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 All right, I finally had to weigh in because while I love theory and
honestly believe even the most esoteric has its place even in
undergraduate education (and didn't particularly want to defend that
position), something in recent posts made me giggle. I attended a UC
school (Berkeley) for all of my university education, and taught as an
adjunct at both Berkeley and UC Santa Cruz (as well as at Cal State and
Community college campuses so I've encountered a range of California
undergrads) before moving to DC. I did my undergrad at Berkeley in Film
Studies, and my grad work in Rhetoric. In my 11 (fairly recent) years
studying and teaching in the UC system (1990-2000), I don't know of any
humanities professor who would regularly give out "C"'s to any
undergrad, much less a senior in what must have been an upper-division
course (since it sounds like she needed three theory courses to
graduate). We (professors) have all learned that an "F" is only
appropriate these days in the most egregious cases, and is more likely
assigned when a student simply forgot to drop a course he or she never
attended.  A "C" generally communicates something more than pretty bad
scores on exams; I even managed a "C+" in a Latin class I rarely
attended and never prepared for (not my usual style, but the prof was so
dull) by writing an extra essay (in english) on the uses of some word in
Horace's work. And if any Humanities professor could have resisted grade
inflation, it would be a tenured classics professor. As has been so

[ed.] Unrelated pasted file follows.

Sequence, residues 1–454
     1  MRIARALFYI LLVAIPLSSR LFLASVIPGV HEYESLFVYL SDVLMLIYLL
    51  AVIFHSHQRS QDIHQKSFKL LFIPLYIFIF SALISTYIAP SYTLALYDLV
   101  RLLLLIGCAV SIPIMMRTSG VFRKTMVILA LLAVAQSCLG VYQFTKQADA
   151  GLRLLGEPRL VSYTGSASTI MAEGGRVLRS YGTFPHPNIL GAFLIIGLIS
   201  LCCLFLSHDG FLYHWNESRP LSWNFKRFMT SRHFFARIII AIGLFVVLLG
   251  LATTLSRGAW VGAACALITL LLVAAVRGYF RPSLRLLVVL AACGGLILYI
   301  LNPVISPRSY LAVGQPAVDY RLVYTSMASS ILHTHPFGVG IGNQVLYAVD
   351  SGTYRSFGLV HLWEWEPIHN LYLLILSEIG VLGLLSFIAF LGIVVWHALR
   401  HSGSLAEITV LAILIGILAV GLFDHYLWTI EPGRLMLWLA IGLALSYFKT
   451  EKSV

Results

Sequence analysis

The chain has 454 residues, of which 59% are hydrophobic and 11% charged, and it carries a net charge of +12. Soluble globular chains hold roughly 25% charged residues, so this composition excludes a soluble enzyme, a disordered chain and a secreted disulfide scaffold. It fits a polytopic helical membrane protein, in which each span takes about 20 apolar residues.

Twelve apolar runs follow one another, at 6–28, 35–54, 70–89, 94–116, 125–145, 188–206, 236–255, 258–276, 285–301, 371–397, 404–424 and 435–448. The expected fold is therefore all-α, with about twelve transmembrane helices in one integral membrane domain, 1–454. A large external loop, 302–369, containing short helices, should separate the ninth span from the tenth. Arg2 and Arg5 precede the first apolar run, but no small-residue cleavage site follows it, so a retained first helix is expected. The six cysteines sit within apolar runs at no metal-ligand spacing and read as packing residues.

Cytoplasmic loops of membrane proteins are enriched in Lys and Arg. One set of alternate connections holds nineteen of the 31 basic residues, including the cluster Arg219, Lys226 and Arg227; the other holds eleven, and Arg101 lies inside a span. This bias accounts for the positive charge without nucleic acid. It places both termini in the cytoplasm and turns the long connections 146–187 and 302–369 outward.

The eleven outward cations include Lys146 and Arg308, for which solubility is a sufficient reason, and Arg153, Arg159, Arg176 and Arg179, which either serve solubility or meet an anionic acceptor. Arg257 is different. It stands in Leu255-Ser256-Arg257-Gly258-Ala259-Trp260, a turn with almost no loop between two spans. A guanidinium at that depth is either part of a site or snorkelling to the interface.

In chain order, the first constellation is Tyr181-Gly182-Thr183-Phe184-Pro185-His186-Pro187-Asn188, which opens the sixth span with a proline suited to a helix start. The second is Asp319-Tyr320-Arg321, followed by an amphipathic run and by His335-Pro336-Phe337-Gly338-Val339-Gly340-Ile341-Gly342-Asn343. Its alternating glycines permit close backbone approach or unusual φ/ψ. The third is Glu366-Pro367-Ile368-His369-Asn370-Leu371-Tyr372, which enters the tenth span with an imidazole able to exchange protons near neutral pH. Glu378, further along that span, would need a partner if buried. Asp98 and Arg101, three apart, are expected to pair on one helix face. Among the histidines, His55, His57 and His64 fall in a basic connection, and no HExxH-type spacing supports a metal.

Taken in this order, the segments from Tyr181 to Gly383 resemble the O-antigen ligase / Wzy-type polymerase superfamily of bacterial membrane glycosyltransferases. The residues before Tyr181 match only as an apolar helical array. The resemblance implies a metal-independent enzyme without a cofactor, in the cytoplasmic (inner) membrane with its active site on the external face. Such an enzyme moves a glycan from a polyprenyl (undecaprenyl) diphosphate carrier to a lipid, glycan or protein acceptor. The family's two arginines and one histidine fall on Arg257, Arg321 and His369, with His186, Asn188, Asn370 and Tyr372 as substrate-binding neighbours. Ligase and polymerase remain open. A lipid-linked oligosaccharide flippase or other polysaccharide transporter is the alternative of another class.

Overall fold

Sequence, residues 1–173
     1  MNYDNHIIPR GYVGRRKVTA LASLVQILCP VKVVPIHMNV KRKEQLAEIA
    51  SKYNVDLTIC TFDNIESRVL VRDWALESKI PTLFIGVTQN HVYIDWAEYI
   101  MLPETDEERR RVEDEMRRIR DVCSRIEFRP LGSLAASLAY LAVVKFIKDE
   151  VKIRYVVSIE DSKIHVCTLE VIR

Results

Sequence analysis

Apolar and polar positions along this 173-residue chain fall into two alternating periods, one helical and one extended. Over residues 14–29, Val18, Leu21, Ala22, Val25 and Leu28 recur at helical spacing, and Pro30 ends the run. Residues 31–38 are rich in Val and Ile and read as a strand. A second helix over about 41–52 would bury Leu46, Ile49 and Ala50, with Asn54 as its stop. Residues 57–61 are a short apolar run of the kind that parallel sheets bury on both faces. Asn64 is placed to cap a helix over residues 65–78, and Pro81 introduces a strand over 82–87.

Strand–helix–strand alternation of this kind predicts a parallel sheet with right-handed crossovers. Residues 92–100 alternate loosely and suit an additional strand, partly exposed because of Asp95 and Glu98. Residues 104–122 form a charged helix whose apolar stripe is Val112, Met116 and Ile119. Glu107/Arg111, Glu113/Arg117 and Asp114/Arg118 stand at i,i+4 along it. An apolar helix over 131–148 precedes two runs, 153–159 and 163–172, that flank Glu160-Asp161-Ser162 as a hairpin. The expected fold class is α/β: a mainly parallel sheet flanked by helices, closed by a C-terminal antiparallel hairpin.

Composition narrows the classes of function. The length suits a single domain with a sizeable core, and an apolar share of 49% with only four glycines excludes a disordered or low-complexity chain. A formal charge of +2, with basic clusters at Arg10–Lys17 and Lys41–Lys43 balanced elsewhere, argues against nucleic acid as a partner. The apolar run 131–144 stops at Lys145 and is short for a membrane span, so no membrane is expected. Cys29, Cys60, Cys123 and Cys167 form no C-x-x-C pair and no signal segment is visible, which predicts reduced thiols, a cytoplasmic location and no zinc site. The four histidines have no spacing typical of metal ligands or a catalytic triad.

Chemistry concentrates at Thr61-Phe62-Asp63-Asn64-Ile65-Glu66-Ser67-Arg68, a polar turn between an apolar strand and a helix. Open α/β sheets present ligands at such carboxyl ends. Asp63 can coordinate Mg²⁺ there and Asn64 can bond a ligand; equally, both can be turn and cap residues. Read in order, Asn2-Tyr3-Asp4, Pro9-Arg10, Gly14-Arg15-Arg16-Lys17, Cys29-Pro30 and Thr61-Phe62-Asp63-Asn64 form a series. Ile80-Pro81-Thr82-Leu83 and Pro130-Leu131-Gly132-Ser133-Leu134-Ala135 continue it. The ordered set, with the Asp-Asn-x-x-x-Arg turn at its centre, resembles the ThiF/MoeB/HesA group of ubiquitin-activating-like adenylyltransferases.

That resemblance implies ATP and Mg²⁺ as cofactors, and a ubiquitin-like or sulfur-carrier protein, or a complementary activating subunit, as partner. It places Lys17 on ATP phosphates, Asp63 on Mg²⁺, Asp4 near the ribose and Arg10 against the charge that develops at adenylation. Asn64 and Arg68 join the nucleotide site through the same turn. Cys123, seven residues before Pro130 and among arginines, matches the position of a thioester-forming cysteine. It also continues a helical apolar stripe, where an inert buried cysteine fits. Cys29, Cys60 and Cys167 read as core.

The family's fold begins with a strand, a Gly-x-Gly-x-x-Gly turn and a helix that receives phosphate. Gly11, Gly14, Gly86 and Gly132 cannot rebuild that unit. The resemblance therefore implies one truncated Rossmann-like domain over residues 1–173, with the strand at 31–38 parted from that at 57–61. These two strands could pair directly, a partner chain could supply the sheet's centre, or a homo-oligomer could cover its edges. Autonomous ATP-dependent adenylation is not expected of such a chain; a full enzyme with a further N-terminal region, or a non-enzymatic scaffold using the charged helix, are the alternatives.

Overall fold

astutely pointed out here, Film Studies has only gained legitimacy as a
discipline in the last twenty or so years, and more and more students
see a college education as equivalent to slightly more interesting high
school -- no one expects to actually fail (and she didn't), and we
(professors) do our absolute best not to let it happen (even if
"absolute best" can mean any range of things not limited to teaching
skills).

 Grade inflation is as rampant on UC campuses as at most other schools,
most especially those populated by high-achieving students likely to go
onto professional schools or to have parents who will write letters
(articles, lawsuits) in protest. If indeed most of the kids sitting
around this young woman made "C"s and "D"s, she was sitting in a
spectacularly unlucky section of the room, accidentally took organic
chemistry or electronic engineering, or was a) exaggerating for effect
or b) sitting with a number of other students whose senioritis
prohibited attending class regularly (or staying awake through it).

Amy Holberg
Catholic University
Media Studies Program

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